On a mailing list I subscribe to, someone recently asked me if I subscribe to any philosophical or spiritual beliefs, and what they are. If you don’t care, then I won’t bother you with the answer; otherwise:
I am an extropian. Put most simply, what that means is that I believe a system’s capacity for intelligence and information can and generally does improve over time.
Put more completely, it means that I believe the human potential, as with the potential of any complex, dynamic, evolving system, is open-ended. I believe that human systems tend over time to amass increasing amounts of knowledge and understanding about, and ability to control and manipulate, the physical world; that there are no arbitrary upper limits on that increase save for those imposed by the laws of physics themselves; and that as a consequence of this increasing capacity for information and ability, complex systems such as human societies tend toward an increasing capacity for freedom of action, including an increasing capacity for overcoming obstacles and limitations.
I have faith in the human potential. I think history demonstrates that human beings have continually improved their ability to understand the physical world, and that as that understanding increases, we gain the ability to do amost anything in the physical world not prohibited by the laws of physics. That includes extending our knowledge of ourselves and other biological systems to the point where many biological constraints we take for granted today, including processes such as ageing, can be controlled; extending our knowledge of materials sciences to the point where we can manipulate matter on a structural and atomic level in almost any way not prohibited by physics, including the ability to engineer structures on levels both far smaller and far larger than what we can do today; and so on.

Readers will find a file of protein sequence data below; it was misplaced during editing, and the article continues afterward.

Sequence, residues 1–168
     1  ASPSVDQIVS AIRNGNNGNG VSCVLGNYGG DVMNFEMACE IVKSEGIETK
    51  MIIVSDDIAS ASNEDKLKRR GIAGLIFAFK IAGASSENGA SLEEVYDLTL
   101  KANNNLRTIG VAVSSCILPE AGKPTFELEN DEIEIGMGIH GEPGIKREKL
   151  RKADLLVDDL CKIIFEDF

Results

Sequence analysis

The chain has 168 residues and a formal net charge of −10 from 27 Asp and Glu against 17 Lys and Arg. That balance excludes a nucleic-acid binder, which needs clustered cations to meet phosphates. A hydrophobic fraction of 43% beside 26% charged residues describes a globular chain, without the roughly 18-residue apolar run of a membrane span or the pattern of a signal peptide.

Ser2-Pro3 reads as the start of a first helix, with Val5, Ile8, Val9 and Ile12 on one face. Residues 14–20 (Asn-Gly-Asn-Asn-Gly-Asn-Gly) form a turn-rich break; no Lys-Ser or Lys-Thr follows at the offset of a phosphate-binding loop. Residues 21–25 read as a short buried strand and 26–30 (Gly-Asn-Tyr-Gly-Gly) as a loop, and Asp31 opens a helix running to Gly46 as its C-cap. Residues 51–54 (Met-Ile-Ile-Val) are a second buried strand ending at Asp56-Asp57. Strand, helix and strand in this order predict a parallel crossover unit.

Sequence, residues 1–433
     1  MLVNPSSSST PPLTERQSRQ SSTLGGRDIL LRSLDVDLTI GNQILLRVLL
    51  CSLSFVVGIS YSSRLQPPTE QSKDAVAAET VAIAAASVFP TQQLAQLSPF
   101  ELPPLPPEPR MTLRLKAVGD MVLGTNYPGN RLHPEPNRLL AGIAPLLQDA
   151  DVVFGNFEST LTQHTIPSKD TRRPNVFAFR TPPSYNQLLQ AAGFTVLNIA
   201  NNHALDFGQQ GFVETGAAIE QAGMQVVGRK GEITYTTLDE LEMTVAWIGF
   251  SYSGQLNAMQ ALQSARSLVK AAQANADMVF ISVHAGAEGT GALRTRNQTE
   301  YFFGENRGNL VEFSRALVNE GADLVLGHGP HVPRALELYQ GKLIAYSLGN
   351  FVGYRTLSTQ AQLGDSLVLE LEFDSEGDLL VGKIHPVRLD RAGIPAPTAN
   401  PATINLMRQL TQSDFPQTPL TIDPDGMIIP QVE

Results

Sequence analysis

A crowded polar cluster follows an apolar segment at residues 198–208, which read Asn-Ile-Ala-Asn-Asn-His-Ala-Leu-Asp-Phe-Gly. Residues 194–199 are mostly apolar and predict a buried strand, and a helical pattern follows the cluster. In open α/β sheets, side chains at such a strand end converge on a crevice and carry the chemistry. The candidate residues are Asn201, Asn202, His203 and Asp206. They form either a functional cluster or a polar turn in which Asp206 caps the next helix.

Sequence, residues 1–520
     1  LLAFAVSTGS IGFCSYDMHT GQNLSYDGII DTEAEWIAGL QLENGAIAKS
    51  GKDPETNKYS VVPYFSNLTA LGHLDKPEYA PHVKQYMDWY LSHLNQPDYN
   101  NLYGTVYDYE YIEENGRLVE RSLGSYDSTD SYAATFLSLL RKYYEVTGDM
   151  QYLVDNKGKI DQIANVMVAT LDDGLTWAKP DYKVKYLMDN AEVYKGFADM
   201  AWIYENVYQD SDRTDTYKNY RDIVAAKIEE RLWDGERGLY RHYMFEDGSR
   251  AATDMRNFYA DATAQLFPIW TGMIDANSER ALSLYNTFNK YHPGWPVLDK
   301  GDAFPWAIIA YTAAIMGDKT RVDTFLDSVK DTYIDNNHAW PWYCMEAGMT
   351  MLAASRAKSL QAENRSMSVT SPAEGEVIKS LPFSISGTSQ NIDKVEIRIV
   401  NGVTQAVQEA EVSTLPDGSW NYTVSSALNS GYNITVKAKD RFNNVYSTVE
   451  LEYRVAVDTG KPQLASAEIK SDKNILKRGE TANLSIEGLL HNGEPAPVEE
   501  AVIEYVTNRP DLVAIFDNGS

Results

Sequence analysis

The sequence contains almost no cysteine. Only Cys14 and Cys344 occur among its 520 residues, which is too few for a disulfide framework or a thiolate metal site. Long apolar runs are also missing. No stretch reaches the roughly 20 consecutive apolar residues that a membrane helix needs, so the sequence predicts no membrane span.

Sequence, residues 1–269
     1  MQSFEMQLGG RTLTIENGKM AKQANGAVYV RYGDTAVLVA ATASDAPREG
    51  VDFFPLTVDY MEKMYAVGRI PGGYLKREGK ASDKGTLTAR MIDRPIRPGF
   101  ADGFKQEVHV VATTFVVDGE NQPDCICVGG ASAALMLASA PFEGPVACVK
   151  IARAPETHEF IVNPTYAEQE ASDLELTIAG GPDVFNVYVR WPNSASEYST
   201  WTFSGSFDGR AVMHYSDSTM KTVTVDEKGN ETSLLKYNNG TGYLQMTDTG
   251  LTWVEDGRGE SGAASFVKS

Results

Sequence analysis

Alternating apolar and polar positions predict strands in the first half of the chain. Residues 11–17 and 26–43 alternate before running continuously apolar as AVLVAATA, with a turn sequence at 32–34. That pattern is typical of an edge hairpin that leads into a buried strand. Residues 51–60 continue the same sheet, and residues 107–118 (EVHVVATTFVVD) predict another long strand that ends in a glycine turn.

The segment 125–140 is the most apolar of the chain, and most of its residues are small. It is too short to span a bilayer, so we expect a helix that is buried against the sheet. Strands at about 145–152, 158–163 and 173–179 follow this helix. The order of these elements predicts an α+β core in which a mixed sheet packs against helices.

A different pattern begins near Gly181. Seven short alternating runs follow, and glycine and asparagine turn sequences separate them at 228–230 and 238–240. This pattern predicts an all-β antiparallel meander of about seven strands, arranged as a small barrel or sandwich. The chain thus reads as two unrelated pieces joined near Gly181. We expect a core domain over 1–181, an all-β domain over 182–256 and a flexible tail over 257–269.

I also believe that the universe operates according to principles which are knowable, observable, and comprehensible; and that rational and analytical thought, combined with experimentation and empirical observation, are tools with which those fundamental principles can be understood. I believe that constantly challenging ideas, including the ideas that I’ve laid out here, is a necessary and vital part of understanding the natural world, and that those who do not challenge their own ideas are fundamentally and fatally handicapped in their ability to progress.